But here’s a strange pattern: when you look more closely at the daily habits of super-creative people, they are doing exactly the opposite. They’re not creating out of thin air. Rather, they are creating, then destroying, then creating again. It’s not one step. It’s three.
A few examples.
- Jon Stewart. This recent profile provided a vivid X-ray into a typical day. In the morning Stewart and staff write the script for The Daily Show. Then, a couple of hours before taping, “Stewart and his team go on a nonstop, rapid-fire jag that tears up and rewrites nearly three-quarters of the script.” Then those new ideas are discarded and replaced by better ones. They keep churning until air time, throwing away a huge percentage of what they create.
- Great charter-school teachers. When Doug Lemov set out to study the habits of top teachers for his Teach Like a Champion, he found a strange pattern: when he asked about their lesson plans, the best teachers said they didn’t have any lesson plans right now, because they were in the midst of ripping up and rewriting the whole program. This wasn’t an exception or a fluke; Lemov gradually realized: it was a telltale sign that they were high-quality teachers.
- U2. A few hours before the kickoff of their stadium tour in Chicago last year, Bono hijacked the dress rehearsal and completely reshaped a 14-year-old song – even writing new lyrics and melodies. The session ended with drummer Larry Mullen wisecracking a sentence that could be the a motto of this approach: “If it ain’t broke, break it.”
The changes that Stewart, Bono, and the teachers are making are not small changes; this could never be called editing or honing. No, this is the equivalent of a skilled carpenter taking the time to build an entire house and then – while the paint is still wet – tearing it down with a bulldozer and building a brand-new house on the foundation. And I’m fascinated by it because I think it takes creativity out of the realm of magic, and into a place we can understand.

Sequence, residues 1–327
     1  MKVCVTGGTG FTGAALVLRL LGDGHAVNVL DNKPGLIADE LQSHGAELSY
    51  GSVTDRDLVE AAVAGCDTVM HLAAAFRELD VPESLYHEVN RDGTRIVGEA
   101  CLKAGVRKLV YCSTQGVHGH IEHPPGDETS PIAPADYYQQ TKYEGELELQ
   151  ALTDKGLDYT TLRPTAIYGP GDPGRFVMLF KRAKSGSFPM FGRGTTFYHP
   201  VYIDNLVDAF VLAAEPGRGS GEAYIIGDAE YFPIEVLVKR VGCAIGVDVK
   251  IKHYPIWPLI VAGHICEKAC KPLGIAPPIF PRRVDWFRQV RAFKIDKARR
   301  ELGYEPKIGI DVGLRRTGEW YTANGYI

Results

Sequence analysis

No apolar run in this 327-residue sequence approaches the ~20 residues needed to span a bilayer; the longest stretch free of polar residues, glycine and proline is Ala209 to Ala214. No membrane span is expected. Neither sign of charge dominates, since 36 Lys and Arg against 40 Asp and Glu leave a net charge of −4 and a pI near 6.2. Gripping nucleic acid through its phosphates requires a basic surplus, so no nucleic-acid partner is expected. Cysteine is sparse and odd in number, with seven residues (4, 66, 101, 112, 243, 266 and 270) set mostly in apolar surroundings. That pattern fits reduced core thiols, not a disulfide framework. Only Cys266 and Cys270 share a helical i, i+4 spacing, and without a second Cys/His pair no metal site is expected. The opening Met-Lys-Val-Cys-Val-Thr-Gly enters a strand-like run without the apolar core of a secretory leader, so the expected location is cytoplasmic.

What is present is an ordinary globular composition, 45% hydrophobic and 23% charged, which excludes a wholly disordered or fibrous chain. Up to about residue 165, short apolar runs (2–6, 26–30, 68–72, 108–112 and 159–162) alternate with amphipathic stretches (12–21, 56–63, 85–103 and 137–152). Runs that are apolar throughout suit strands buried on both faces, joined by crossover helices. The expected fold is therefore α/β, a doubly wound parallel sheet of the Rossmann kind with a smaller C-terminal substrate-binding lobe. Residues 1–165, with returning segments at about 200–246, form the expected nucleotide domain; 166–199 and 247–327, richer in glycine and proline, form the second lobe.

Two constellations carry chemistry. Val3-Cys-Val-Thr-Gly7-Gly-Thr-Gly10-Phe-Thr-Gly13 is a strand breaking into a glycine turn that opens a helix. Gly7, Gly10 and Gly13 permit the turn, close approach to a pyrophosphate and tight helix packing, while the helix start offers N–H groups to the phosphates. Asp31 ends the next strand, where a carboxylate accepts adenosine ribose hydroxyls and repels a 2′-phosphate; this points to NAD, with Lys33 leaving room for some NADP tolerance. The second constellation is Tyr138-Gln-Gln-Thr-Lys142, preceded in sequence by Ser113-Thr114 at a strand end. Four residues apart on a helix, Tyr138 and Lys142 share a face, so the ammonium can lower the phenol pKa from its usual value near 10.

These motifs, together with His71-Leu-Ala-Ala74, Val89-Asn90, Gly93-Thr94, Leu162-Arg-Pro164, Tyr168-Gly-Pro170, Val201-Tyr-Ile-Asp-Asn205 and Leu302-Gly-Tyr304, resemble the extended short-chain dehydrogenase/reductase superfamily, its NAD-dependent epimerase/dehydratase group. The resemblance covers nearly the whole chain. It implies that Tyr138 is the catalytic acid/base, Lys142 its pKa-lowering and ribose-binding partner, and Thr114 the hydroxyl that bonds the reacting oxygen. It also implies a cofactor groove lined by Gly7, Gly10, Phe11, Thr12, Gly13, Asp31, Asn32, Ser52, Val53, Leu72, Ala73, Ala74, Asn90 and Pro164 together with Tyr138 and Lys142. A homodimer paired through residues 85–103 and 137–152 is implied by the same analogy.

The takeaway: To build the good stuff, first you have to build the bad stuff. The bad stuff isn’t really bad – it’s a step; a blueprint that shows you where we need to go next. Without the bad script, there is no good script; without the crummy lesson plans, there is no great lesson plan.
If you think of creativity the traditional way, this makes zero sense. (Why in the world would creative geniuses consistently produce bad first drafts?) But if you think of creativity as a stepwise process – a literal construction of wires in your brain – then it begins to add up. This process is not about simply being picky or relentless. The early attempts are like probes, exploring the landscape, seeing what works and what doesn’t. The later attempts use that information to be more accurate, to deliver a better lyric, or joke, or lesson plan. The bad stuff is not accidental; it’s required. If it ain’t broke, break it.
So how do we apply this pattern to our lives?
- Cultivate the mental habit of circling back, to reconsider things you take for granted.
- Have the willingness to chuck what is perfectly good in order to try to try something better. This requires a tolerance we find often in the arts and all too rarely in sports and business, which are more risk-averse. But creativity and innovation are not about being efficient; they’re about hitting the mark.
- Avoid getting married to one approach. When it comes to ideas, it’s always better to play the field.
(Of course, now that I’ve written this, I can’t stop circling back and trying to see where I might tear it apart and replace it with something better. Damn you, Jon Stewart!)